Last updated on January 2nd, 2019 at 06:57 pm
Recently on GaryNorth.com, a member asked about how to approach his upcoming six month performance appraisal, and for a framework for the appraisal. Here is a detailed response:
When I accepted my job about six months ago we agreed that I would have a performance review every six months…
The performance review, or appraisal, or efficiency report, or whatever it’s labeled, is the single best tool any employee has to persuade an employer of one’s value; and persuade in detail, based on hard, recent evidence. Whether oral or written, It’s the opportunity to obtain the customer’s acknowledgement (i.e., the party on the other side of the employment bargain) of the value one has delivered, in anticipation of, and with affect upon the reward.
Further, because it’s all about value delivered recently, it naturally leads to the discussion of forth-coming value: what is about to be delivered if certain conditions are met. Conditions such as performance improvement based upon additional resources, training, or development. But that discussion can only occur if both parties use the review as a tool for improvement.
See where this is going?
I’ll call this: the primary purpose of any review: improved performance. Other things are important, but are only incidental in accomplishing this primary purpose.
…help me develop a framework to think through it.
1. You’re in this employment for the long run, as long as it remains a good employment bargain. “Good” means high value: Value = Benefits (to you) – Cost (to you); but also for your employer.
2. You want (a) to make it work, and (b) to grow. Your employer wants to make it work, and to grow.
3. You have an idealized goal and implied objectives to be met by this employment, generally envisioned as the CFO role. (“Idealized” means in concept, but not formally documented, reviewed, and validated.) Your employer also has a goal and objectives, probably also idealized and poorly documented.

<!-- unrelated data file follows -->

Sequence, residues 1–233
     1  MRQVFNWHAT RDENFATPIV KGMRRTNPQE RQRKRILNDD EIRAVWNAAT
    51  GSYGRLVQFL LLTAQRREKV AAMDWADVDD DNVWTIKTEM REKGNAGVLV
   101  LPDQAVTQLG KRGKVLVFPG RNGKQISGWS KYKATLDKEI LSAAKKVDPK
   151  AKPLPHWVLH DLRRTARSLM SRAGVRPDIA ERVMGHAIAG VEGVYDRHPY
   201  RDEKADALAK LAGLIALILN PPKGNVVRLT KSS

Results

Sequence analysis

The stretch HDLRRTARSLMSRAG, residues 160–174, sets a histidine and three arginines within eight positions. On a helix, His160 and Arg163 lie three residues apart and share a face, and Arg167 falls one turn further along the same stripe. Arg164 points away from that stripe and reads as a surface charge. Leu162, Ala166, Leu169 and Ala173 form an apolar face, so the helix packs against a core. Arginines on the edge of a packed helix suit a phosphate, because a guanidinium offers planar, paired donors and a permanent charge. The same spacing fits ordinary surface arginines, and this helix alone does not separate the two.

1. Your performance is satisfactory to date, as evidenced by your continued employment, and the forth-coming “guaranteed minimum” bonus. They’d like to keep you around.
2. You are earning credibility as evidenced by your principals’ increasingly leaning on you to resolve more and more issues. They are beginning to trust you.
3. You’ve got a lot of management skills to learn, as you’re just learning many “front office” business processes, especially Manpower related processes, issues, methods, and techniques. They may be proficient with management skills, but have not consistently demonstrated such in the trenches.
4. Communication within the management team is minimal, as evidenced by the comments you’ve related in prior threads, and your general apprehension of the motives of management. (Note: “minimal” means the communication is sufficient to get the job done, but falls short of general open discussion of the many aspects of business improvement.)
Is the above accurate?
If so, read on…
You’ve asked for “a framework,” so I’ll focus primarily on just that in Part One. But, you’ve also asked other questions that are implementation and strategy issues, so I’ll also render a viewpoint question-by-question.
What follows will be of limited immediate value for the upcoming performance review (mid-week), as a lot is involved, and three or four days is insufficient time to prepare for one’s first review. Nonetheless, I’ll give you the core elements to start a foundation.